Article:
Crop Protection News | 6 November 2016
Latin American nations set import records for U.S. corn
The U.S. Grains Council recently announced new grain import records set by Guatemala, El Salvador, Honduras and Nicaragua.
2015 and 2016 marketing data were recently released by the U.S. Department of Agriculture (USDA).
The four nations, members of the Dominican Republic-Central America-United States Free Trade Agreement (CAFTA-DR), were able to utilize the trade agreement between the U.S. and other members to increase their grain imports. By 2020, most tariffs on U.S. agricultural products will be eliminated for CAFTA-DR members.
Guatemala broke its 2014-2015 corn import record by 3.6 percent. More than 880,000 metric tons went to Guatemala in the 2015-2016 marketing year.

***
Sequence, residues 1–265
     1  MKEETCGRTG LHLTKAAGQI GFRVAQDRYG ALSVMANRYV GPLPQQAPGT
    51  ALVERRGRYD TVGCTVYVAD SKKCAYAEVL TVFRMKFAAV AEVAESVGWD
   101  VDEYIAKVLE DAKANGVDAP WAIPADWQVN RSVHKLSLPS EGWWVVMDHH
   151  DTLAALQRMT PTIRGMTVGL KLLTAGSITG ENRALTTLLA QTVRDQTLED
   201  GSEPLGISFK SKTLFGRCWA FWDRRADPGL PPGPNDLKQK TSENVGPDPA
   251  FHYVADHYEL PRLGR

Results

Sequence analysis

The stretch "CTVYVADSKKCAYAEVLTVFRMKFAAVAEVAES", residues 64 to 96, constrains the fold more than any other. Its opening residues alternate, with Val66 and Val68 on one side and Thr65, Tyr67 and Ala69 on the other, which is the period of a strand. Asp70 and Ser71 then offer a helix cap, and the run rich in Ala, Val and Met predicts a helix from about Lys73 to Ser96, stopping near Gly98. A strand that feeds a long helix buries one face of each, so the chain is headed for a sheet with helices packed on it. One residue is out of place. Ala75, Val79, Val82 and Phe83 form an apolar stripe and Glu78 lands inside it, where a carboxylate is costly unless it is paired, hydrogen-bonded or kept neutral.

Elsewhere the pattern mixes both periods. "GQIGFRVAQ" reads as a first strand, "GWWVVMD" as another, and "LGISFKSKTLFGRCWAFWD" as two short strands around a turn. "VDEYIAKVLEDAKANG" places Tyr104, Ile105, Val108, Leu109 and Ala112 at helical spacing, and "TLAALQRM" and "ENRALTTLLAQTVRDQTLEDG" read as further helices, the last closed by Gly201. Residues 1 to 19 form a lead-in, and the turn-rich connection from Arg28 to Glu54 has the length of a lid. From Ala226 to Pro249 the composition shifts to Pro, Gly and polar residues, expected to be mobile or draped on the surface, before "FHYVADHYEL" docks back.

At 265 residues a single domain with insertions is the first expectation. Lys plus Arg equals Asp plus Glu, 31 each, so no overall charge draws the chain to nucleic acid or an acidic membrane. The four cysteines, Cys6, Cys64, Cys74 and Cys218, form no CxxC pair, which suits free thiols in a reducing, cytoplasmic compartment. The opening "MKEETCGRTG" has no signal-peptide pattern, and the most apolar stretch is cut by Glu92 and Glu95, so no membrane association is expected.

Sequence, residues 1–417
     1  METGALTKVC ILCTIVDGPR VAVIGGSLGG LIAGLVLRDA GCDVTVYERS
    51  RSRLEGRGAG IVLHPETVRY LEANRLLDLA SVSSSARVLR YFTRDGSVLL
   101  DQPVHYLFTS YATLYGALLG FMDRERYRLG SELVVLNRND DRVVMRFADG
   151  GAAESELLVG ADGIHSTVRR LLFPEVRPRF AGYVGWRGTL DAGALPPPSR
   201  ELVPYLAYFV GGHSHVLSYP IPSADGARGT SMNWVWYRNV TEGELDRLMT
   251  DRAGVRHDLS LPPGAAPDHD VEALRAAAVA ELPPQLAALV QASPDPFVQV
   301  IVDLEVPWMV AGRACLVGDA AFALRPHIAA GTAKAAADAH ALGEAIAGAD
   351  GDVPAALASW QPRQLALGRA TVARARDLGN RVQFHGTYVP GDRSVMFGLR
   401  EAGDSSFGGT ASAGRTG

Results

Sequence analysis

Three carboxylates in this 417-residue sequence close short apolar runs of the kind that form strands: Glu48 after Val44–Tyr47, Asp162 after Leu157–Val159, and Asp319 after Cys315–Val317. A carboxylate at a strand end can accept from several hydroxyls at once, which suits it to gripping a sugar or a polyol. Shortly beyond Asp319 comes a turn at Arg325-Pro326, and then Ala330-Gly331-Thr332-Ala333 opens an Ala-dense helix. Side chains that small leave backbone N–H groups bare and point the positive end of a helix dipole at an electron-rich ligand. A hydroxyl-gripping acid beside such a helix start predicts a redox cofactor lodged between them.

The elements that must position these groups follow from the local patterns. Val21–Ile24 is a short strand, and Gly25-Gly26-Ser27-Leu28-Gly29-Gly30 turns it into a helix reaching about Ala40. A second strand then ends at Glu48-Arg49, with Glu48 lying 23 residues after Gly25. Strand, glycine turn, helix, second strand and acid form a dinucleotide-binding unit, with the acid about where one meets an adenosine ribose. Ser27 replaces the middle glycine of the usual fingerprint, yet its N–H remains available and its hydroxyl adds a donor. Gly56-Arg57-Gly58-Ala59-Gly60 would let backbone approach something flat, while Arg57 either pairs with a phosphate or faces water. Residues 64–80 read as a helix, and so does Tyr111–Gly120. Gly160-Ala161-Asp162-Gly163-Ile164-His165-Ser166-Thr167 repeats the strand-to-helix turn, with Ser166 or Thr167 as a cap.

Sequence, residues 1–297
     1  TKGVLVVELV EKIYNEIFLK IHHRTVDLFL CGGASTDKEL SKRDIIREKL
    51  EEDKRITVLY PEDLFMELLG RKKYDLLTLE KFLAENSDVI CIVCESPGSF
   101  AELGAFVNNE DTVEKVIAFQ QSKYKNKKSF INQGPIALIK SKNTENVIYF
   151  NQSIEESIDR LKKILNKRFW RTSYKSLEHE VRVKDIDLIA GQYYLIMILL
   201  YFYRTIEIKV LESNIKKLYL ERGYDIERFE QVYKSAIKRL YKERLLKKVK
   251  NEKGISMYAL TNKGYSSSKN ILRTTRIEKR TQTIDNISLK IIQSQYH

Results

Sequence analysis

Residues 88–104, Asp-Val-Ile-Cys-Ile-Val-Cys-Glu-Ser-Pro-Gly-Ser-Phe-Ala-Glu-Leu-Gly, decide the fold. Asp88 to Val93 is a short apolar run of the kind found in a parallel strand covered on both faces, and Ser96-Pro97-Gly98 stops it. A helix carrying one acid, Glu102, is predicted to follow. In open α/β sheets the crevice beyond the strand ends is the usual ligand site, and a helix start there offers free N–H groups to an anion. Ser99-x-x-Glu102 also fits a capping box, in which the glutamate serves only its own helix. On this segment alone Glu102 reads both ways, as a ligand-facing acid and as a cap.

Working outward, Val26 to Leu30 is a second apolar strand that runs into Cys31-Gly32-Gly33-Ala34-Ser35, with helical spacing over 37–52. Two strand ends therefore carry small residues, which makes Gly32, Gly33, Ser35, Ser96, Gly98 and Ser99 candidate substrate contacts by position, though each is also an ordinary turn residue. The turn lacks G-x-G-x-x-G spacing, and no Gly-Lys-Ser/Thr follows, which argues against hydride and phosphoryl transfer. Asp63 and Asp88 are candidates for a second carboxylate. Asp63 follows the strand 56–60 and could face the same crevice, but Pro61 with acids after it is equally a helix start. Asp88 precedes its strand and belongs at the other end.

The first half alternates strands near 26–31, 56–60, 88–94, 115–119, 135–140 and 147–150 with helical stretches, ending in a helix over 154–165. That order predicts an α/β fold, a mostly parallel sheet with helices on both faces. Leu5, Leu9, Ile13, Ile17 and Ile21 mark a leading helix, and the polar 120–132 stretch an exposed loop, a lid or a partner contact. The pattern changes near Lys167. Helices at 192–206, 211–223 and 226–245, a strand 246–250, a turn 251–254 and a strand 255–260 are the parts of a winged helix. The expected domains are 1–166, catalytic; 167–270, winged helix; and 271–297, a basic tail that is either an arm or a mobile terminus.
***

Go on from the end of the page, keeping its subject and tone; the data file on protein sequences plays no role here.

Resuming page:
El Salvador also increased its corn imports. It imported more than 650,000 metric tons of U.S. corn, a 22 percent increase over the previous year. El Salvador also increased imports of distiller’s dried grains with solubles (DDGS) by 34 percent over the previous record, set in 2010-2011.
Additionally, Honduras set new records in imports of corn and DDGS. Corn imports were up by 24 percent, at 549,000 metric tons, while DDGS increased to 43,000 metric tons.
Imports of U.S. corn to Nicaragua saw record increases two years in a row. The latest record is 258,000 metric tons, a rise of 35 percent over the previous year’s record 191,000 metric tons.